Later, though, the Church spokesman retracted the statement, and Father Joyce Francis, Salesian provincial of Bangalore, to which the kidnapped priest belongs, also denied the rumor.

“We have no information on that so far. We hope and pray Father Thomas is alive,” Father Francis told the Register on March 29.


Father Thomas’ Brother

When this correspondent reached the ancestral house of Father Thomas on March 28, his 73-year-old eldest brother, Mathew, was alone at the simple house tucked away in the midst of rubber plants.

In fact, Mathew had rushed from Vadodra in Gujarat state in northwest India to Ramapuram as soon as the news broke earlier this month of the kidnapping of his younger brother.

With no TV or radio inside the usually locked-up house, Mathew seemed to be little aware of the frantic rumors that were going around in the electronic and social media.

“I trust in the Lord. Without his knowledge, nothing will happen,” Mathew responded, when asked about the difficult times the family has been experiencing.

“I read these [religious] books all the time. I have been doing it for years,” explained Mathew, pointing to The Poem of the Man God by the Italian ascetic Maria Valtorta. Asked how he spent the last three weeks alone in the family house, Mathew opened the book kept on the prayer table, hunting for some of the favorite passages that have always inspired him. He said he has copies of the same books  in his house at Ramapuram as well as in Gujarat.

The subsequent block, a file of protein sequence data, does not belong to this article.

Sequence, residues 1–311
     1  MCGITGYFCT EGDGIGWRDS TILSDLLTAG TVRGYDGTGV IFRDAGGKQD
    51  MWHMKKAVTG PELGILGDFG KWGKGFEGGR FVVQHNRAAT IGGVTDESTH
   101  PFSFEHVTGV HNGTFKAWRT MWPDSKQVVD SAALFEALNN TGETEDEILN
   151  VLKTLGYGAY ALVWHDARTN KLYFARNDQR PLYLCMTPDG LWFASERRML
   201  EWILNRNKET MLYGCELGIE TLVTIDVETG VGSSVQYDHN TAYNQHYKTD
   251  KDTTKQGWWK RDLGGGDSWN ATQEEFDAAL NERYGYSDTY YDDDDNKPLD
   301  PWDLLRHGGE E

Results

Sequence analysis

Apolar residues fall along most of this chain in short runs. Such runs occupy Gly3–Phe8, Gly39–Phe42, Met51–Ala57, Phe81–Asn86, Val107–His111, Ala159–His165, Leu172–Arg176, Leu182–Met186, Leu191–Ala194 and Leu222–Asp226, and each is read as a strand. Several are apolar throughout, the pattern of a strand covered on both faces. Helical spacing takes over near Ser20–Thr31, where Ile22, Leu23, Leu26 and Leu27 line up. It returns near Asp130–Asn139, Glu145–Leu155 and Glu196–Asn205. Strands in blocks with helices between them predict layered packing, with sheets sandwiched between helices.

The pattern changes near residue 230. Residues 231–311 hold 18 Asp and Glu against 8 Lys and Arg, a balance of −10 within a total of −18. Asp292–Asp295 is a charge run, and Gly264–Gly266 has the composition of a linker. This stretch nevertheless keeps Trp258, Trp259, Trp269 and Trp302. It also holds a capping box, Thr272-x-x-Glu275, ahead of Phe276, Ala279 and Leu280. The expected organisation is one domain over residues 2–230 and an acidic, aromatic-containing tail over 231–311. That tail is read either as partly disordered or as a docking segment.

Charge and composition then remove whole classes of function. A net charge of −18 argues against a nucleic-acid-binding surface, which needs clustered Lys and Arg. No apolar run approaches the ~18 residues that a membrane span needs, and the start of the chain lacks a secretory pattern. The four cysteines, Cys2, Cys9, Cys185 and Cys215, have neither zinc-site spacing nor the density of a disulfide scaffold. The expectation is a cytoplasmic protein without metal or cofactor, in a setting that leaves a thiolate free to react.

After 14 years of service in war-torn Yemen, Father Thomas had been relieved from his priestly duties in Yemen and returned to Bangalore. But he went back recently because his replacement, a Salesian colleague, did not get the required visa to stay with the Missionaries of Charity sisters at their home for the destitute in Aden, Mathew explained.

Since the death of his mother, Thresia, in September 2014, Mathew said, the house had been locked up, as four of his married younger siblings, including three brothers and a sister, are settled in the United States, while another sister lives more than 125 miles away from the family home.

“Father Thomas was with us when mother died,” Mathew recalled. “He is a very cool and quiet person. Once he had shown photos of buildings nearby hit by bullets.”

Register correspondent Anto Akkara is based in Bangalore, India.